wanted them as accent pieces, Drake has always included rugs in his designs, and they
have become an ever-more important component of his work.

Regardless of genre or age, Drake is drawn to high-end Drake enjoys placing rugs of different genres through-
rugs and avoids those that “mimic what is hugely preva- out a project. While pattern plays a role in his selection,
lent in the market.” More specifically, he continues: “In color is the dominant consideration that he uses to con-
antiques, I love everything from Savonneries, Aubussons, nect one rug with another. If a living room rug’s field color
and Axminsters to Sultanabads and Isfahans, with a per- is green and its border red, for example, an adjoining
sonal preference for all-over designs versus central medal- library’s rug field color could be red, its border green. More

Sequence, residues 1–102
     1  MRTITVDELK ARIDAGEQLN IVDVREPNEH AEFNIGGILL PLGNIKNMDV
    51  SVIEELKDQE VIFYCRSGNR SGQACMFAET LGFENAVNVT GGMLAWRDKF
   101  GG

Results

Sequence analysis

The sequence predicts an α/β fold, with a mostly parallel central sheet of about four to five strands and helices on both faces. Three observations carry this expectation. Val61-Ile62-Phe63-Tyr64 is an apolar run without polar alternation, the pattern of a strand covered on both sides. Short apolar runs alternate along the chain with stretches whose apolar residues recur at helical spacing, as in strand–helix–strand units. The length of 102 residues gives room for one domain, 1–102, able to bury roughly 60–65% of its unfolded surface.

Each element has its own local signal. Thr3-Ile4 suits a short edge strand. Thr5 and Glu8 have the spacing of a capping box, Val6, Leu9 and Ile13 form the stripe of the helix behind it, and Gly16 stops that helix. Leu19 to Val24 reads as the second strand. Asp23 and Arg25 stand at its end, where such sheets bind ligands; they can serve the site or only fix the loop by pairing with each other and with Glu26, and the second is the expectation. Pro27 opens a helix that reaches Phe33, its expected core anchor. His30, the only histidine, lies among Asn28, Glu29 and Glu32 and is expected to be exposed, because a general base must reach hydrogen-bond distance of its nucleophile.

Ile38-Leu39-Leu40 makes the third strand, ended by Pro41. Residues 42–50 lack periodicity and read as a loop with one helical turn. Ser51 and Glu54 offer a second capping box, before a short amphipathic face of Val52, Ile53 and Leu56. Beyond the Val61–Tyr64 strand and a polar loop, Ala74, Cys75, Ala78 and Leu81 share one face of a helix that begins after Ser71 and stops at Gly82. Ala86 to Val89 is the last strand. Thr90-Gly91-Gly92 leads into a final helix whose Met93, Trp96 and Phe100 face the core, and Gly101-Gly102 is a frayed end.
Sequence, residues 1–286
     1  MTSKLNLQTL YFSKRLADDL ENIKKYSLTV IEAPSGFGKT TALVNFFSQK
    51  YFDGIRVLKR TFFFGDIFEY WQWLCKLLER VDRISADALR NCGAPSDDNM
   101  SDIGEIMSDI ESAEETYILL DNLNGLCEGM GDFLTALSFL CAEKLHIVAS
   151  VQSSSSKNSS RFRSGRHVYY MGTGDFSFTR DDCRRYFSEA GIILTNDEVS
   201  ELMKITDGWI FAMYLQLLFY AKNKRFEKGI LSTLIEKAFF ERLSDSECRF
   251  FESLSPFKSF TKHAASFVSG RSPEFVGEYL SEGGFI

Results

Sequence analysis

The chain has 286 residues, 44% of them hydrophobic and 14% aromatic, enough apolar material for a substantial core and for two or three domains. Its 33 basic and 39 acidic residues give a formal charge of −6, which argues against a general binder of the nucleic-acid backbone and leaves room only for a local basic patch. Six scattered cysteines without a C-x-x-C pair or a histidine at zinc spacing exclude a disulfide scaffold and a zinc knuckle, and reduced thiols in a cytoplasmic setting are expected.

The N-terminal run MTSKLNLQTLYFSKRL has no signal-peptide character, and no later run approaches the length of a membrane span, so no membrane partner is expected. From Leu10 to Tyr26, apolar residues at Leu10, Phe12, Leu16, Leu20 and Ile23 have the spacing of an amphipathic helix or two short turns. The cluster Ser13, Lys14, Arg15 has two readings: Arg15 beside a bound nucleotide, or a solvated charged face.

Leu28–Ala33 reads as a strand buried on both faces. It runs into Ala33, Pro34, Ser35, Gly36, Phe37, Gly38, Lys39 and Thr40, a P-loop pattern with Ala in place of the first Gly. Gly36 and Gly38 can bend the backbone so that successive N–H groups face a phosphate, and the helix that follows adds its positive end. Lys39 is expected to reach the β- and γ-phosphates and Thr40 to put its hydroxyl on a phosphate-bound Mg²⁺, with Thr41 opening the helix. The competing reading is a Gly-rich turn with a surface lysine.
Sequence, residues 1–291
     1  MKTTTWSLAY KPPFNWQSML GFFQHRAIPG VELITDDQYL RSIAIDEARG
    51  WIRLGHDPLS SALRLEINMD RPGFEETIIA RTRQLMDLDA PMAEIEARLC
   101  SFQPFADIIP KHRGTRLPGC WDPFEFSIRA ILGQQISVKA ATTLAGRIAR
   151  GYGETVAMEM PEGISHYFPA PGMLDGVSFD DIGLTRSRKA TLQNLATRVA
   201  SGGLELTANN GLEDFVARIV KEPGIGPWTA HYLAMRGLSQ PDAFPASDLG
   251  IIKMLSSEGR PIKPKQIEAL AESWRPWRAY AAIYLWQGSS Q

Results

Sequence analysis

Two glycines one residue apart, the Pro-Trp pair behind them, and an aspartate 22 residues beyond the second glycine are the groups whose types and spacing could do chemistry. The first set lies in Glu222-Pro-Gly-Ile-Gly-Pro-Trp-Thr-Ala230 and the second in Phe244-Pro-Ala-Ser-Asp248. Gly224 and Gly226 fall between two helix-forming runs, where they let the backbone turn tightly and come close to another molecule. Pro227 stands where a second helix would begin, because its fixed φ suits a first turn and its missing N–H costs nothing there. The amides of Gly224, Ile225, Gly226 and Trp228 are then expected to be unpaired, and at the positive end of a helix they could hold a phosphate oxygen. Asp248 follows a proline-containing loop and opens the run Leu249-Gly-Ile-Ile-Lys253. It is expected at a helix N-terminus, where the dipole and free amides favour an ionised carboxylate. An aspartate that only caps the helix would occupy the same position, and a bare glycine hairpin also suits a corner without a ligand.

lion.” His passion for Tibetans and other high-end new important, the respective tonalities of the floor and rug
rugs, however, led him to the creation of his contemporary must be in sync with each other. A rug with deep, satu-
Jamie Drake Collection for Safavieh. rated colors looks best over a rich, dark floor and vice
“Ideally,” notes the designer, “I like to start with the versa. Drake has even been known to adjust a floor’s finish
rug but many times I end up doing it backwards and com- to best enhance a rug’s beauty.
ing up with a fabulous rug anyway.” He always advocates Rugs played an essential role in Drake’s renovation of
anchoring a space with a single room-sized piece rather early-nineteenth-century Gracie Mansion, New York’s offi-
than a variety of smaller, scattered rugs, which he finds cial mayoral residence, in 2002. He easily found rugs for
create a “somewhat dated look as well as visual confu- every room except the State Sitting Room, which was hung
sion.” Also, using one impressive, striking rug goes hand- with a bold floral wallpaper. The Drake design staff went
in-hand with creating his characteristically bold look. into overdrive frantically combing the entire rug market in